YardEdge Talks to Storm Saulter About Better Mus’ Come
Director Storm Saulter on set
YardEdge had a chat with Jamaican director, Storm Saulter about his new movie Better Mus’ Come, which is to be released October 13th in cinemas island wide. See the trailer in the YardEdge Featured Video.
YardEdge: Tell us a bit about Better Mus’ Come – what is it about? What was its inspiration?
Storm: Better Mus’ Come is about many things, I guess the key element though, was to recreate a time in Jamaica (1977-1978) when political tribalism, encouraged by the main players in the “Cold War” (USA, Cuba, Russia), was at its height. There is a misconception that Jamaicans are intrinsically violent, and I wanted to create a story that more accurately illustrated the root cause and effect of the extreme violence taking place in our country. And to examine the type of societal structure that allows criminality to fester to such a point that the inevitable endgame of a Green Bay massacre, or the invasion of Tivoli, plays out.
YardEdge: What was it like filming it in Jamaica?
Storm: Jamaica is somewhat lawless, like the wild west of filmmaking. That is definitely true when it comes to local film production. This can be very liberating as a filmmaker, but also kinda tricky at times. For example, don’t bother getting permits to film at a specific location, cause at the end of the day, the “Big Man” has to give the go ahead. That said, when you reach an understanding with said “Big Man” all of a sudden you are able to move mountains, the entire community is involved, and that is often the only way to have genuine protection. This needs to ultimately change in Jamaica, but until that point we filmmakers have to use it to our advantage, and approach our productions as if we are in the wild west, trying to get the stagecoach across the desert in one piece, without losing any passengers to the marauding cowboys.
YardEdge: Is the cast all Jamaican?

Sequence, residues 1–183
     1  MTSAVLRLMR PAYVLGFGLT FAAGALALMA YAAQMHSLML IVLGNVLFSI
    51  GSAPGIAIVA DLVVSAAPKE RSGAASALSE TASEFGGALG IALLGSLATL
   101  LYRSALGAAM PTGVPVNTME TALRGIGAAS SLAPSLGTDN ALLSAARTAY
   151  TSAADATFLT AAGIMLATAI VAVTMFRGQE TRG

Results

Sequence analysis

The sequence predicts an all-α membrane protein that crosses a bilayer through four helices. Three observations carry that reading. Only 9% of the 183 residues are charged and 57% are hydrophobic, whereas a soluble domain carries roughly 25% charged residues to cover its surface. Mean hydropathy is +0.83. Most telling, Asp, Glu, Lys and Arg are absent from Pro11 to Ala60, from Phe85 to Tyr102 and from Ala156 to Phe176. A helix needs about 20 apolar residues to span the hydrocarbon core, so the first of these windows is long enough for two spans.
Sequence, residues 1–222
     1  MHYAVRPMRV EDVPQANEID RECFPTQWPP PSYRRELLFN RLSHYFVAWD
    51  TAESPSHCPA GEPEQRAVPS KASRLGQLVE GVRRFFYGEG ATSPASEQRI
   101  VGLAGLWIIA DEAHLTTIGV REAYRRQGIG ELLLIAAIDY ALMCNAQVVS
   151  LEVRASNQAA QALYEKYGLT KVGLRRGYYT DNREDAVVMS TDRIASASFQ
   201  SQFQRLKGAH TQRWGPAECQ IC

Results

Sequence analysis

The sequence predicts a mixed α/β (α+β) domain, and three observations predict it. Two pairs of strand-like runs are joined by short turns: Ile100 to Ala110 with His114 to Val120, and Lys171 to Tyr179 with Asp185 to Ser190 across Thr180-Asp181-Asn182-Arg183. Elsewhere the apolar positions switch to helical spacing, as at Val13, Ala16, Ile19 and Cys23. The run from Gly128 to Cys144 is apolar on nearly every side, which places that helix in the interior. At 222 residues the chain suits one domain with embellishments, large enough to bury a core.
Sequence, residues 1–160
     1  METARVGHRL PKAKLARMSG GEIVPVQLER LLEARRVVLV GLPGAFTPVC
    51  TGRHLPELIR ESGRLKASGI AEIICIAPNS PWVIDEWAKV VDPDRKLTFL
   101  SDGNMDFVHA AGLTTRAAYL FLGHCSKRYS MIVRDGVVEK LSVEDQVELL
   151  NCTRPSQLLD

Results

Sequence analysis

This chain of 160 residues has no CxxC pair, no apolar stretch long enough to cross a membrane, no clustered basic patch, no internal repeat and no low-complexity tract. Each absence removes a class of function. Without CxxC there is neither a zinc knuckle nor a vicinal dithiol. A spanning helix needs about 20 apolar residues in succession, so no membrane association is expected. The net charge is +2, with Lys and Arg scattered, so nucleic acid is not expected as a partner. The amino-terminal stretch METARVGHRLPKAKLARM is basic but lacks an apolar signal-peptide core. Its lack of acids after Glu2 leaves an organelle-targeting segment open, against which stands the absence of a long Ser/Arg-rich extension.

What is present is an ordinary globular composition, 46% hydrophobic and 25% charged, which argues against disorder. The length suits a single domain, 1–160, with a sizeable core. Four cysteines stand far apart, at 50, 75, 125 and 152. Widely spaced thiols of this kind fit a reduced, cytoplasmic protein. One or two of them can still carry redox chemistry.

Storm: The cast and crew is entirely Jamaican except for Roger Guenveur Smith, who plays the role of the Prime Minister. He is such an inspiring and accomplished actor, that I believe his participation in the film raised the bar for all the other young actors, many of whom were first time actors.
YardEdge: Who else is involved in the production of the movie?
Storm: Better Mus’ Come had an excellent crew. The Production Designer, Khalil Deane, was responsible for recreating a 1970’s Central Kingston neighborhood, cars, signage, weapons, props. Every detail had to be true to the time period we were portraying. Charl Baker, Costume Designer, had to recreate that funky seventies style, as well as maintain the political consciousness that would have informed the fashion of the time (green being the favored color in JLP neighborhoods, orange and red being the preferred in PNP neighborhoods).
Tamika Nelson and Jackie Greaves were primarily responsible for makeup and hair (very different in the 70’s compared to now). This is a massive job considering the fact that we had scenes with large numbers of extras, each requiring styling and makeup). Capt. Robert Hibbert was our stunt co-ordinator and weapons specialist. Training the actors how to properly handle their weapons and perform stunts safely. Wayne Armond and Marlon Stewart-Gaynor created the original score. Paul Bucknor was the producer. The entire community of Sandy Park, our main location, was fully behind us, and their participation really allowed us to tell the story we wanted to. Filmmaking is a seriously collaborative effort, involving many people, all of whom are essential.
YardEdge: What are the plans for the movie? Where will it be shown, Jamaica? Abroad?
Storm: International ting we a deal wid straight!
YardEdge: Tell us about some of your past work?
Storm: Everything I’ve done has led me to this point. So lets focus on this for now.
YardEdge: What inspires you to make movies? What are your greatest rewards?
Storm: To know that I’ve manifested something that was once a small whisper in the back of my head.
YardEdge: What do you think are the problems that the Jamaican film industry faces?
Storm: This is not the only country where access to funding is limited. So the “filmmakers” need to stop using that as an excuse and find a way to tell their stories. Once you show potential investors that you know how to make a successful product then they will come. But don’t expect them to risk their money on something before its proven.
YardEdge: What do you think Jamaican film makers can teach others in the industry elsewhere?
Storm: I am a producer of the New Caribbean Cinema series. It is in essence, communal filmmaking. A group of filmmakers get together and work on each others films, like a round robin. In the end we will have at least 7 films by different directors, which we will put together to form one feature film at a fraction of the cost of a traditional feature film. We will also have at least 7 individual shorts that can travel on their own. I don’t think we are re-inventing the wheel, but we are getting very high quality films made for very low budgets.
YardEdge: What do you think is the future of the Jamaican film industry, what should film makers focus on?
Storm: Actually making films instead of talking about making films.
YardEdge: Plans for the future? What’s your next project?
Storm: It’s time to take Better Mus’ Come across the world. That’s my next project.